CC BY-NC-ND 4.0 · South Asian J Cancer 2023; 12(01): 053-054
DOI: 10.1055/s-0043-1764155
Mini Commentary
Cervical Cancer

Cervical Cancer Screening and HPV Vaccination in Nepal

Gehanath Baral
1   Nepal Health Research Council, Kathmandu, Nepal
Rajendra Baral
2   Norvic Hospital, Kathmandu, Nepal
› Author Affiliations
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Gehanath Baral


Cervical cancer screening is still an opportunistic mode of procedure. Conventional pap smear was the first method used for long, then the visual method introduced in practice. However, it has been limited to the mid-level paramedics with lesser priority in facility level. Specialist service providers put more effort on newer methods like liquid-based cytology and human papillomavirus (HPV) DNA testing but without feasible and affordable system in place. Cervical cancer prevention and control program is in place from the Department of Health Services but still the implementation part is poor. Systematic approach is being followed if the screening is a part of research or thesis from academia. Screening and treatment of invasive lesions are not linked yet in practice because of poor implementation of public–private partnership considering a huge magnitude of service from private sector.

Private Sector Initiation

Organized effort to screen for cervical cancer at community level was started by a private sector since 2002 through 2017 in Nepal. From 242 free health camps, more than 50,000 women were screened and identified around 2000 cases positive (4%) in visual method yielding 3.2% of CIN2+ and 0.9% positive for invasive cancer on biopsy; and 28% of positive screen test received instant treatment by cryotherapy, loop electrosurgical excision procedure, and lately thermocoagulation. HPV vaccination (Gardasil) was given to more than 30,000 girls of 11 to 13 years age between 2008 and 2014 free of cost to the recipients with the assistance from Australian Cervical Cancer Foundation.[1]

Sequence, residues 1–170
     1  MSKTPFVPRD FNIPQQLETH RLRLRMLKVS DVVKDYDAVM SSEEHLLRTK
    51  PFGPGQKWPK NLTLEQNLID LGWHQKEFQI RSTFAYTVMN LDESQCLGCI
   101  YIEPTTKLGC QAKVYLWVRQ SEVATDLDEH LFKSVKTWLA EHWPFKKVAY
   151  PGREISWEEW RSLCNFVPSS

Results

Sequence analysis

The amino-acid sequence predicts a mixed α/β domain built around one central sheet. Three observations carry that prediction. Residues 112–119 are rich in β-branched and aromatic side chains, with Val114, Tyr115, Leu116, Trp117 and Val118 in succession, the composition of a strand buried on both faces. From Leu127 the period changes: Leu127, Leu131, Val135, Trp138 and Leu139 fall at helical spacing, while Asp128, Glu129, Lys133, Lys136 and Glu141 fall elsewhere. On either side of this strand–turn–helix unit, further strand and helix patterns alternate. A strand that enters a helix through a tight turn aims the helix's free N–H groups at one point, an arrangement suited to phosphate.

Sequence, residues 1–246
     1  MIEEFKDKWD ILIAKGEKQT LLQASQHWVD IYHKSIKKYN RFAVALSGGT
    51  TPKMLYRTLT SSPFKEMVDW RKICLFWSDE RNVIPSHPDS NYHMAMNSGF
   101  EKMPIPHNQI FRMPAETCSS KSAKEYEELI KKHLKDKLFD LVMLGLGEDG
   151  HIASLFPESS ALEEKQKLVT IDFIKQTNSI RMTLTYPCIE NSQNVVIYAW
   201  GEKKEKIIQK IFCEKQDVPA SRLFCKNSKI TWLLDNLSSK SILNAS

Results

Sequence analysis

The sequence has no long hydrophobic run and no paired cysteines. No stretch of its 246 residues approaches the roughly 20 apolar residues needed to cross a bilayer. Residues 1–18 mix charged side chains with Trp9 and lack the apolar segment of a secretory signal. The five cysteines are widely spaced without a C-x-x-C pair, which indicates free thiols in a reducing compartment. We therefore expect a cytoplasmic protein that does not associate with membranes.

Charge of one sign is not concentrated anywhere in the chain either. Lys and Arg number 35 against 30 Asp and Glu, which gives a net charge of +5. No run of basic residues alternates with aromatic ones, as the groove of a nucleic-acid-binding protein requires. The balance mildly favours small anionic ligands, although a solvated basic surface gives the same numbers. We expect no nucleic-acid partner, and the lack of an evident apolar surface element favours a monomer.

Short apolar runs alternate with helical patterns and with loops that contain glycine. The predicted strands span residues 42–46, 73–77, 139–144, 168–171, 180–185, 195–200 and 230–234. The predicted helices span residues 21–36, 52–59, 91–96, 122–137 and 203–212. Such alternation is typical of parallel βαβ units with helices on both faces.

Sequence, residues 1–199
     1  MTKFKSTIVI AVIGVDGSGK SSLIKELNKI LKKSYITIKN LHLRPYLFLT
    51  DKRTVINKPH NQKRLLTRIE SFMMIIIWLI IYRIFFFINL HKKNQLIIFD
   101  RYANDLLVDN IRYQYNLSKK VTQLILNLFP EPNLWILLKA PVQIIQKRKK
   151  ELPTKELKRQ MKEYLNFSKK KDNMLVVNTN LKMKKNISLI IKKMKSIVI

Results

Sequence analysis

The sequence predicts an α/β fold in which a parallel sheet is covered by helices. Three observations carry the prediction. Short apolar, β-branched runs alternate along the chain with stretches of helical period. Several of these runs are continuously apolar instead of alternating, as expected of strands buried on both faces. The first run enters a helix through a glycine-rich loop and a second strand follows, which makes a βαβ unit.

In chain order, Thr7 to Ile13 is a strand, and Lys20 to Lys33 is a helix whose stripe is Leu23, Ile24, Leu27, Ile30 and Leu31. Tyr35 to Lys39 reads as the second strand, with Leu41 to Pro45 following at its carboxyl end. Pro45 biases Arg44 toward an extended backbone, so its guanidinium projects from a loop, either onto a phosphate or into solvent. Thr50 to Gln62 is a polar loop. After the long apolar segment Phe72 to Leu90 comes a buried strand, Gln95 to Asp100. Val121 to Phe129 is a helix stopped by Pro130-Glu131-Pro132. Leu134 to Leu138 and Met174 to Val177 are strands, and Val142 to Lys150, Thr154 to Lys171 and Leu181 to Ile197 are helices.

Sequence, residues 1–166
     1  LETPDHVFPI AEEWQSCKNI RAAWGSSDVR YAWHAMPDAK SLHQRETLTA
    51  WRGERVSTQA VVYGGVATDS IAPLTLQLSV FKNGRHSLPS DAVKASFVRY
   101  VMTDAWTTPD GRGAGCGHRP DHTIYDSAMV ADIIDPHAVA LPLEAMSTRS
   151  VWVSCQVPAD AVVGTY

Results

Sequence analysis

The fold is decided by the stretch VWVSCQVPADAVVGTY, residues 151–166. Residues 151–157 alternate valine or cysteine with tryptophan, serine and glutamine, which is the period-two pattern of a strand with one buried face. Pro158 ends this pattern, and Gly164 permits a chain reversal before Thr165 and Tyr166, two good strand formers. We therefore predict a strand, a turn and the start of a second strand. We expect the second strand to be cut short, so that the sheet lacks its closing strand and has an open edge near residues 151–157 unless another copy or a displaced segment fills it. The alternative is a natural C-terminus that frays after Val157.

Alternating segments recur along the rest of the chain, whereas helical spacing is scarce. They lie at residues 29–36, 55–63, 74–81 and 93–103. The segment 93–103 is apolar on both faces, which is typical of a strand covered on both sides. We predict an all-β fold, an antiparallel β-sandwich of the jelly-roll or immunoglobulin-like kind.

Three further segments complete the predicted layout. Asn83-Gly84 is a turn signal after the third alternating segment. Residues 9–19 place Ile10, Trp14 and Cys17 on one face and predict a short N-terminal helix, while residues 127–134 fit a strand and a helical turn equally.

Public Sector Initiation

HPV vaccine is available at private sector on purchase in center, but there is no utilization mechanism in place. There was successful pilot project to vaccinate in two districts in 2016 to 2017 with two doses of Cervarix, but the aim of escalating the program and incorporating it in the regular vaccination program was not fulfilled. Thus, the first target from 90-70-90 is halted.[2]

The National Guideline for Cervical Cancer Screening and Prevention 2010 aimed to screen at least half of women in the age group of 30 to 60 years, which was revised to 70% in 2017. By 2019, only 8.2% of women aged between 30 and 49 years were screened. A systematic review also revealed screening utilization by 16% only.[3]



HPV screening test is sporadically performed at tertiary facility level and limited by testing cost. This prompts to acquire a charity scheme for the availability and utilization. Low level of awareness in needy people, educational level, embarrassment in gynecological exam, geographical inconveniences, and cost are the barriers till now for the cancer screening.[4] [5]